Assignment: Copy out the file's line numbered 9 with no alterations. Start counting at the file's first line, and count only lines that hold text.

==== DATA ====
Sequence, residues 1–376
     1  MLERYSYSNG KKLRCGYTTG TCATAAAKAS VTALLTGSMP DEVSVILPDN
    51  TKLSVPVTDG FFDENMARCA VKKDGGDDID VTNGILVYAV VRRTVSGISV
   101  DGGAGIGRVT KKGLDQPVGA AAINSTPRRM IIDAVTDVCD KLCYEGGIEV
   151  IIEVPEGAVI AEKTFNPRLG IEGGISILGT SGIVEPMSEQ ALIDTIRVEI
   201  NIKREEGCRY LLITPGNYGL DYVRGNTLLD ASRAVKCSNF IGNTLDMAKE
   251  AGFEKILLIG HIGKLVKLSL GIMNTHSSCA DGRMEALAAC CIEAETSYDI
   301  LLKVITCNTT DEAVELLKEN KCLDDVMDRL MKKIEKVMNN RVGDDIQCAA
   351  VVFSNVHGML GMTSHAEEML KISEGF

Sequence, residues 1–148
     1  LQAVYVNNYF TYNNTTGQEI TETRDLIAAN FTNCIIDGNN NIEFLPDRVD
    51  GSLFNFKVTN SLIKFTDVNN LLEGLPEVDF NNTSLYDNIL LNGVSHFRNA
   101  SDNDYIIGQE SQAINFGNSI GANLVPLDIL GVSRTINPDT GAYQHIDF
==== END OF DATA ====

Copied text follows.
   351  VVFSNVHGML GMTSHAEEML KISEGF